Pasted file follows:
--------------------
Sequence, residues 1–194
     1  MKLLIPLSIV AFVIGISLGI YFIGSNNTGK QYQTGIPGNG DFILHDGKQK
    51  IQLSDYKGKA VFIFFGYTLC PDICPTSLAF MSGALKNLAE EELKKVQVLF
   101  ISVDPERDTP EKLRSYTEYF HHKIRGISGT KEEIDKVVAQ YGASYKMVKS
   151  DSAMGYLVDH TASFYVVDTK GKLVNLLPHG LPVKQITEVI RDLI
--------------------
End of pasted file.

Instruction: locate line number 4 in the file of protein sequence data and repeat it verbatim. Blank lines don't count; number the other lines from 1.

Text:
   101  ISVDPERDTP EKLRSYTEYF HHKIRGISGT KEEIDKVVAQ YGASYKMVKS